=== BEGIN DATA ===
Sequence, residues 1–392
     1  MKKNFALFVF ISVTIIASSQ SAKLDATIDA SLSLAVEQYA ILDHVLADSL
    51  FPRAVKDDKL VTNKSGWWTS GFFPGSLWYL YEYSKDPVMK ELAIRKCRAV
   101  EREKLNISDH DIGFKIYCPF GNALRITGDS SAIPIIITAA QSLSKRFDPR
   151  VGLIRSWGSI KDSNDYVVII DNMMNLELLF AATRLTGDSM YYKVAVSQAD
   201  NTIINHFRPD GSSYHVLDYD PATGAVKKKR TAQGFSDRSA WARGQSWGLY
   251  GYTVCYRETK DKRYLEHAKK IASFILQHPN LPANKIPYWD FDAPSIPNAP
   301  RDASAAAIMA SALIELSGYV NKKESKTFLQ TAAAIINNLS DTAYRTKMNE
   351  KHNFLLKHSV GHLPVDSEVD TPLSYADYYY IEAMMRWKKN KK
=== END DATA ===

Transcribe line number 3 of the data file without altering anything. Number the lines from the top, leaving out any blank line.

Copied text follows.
    51  FPRAVKDDKL VTNKSGWWTS GFFPGSLWYL YEYSKDPVMK ELAIRKCRAV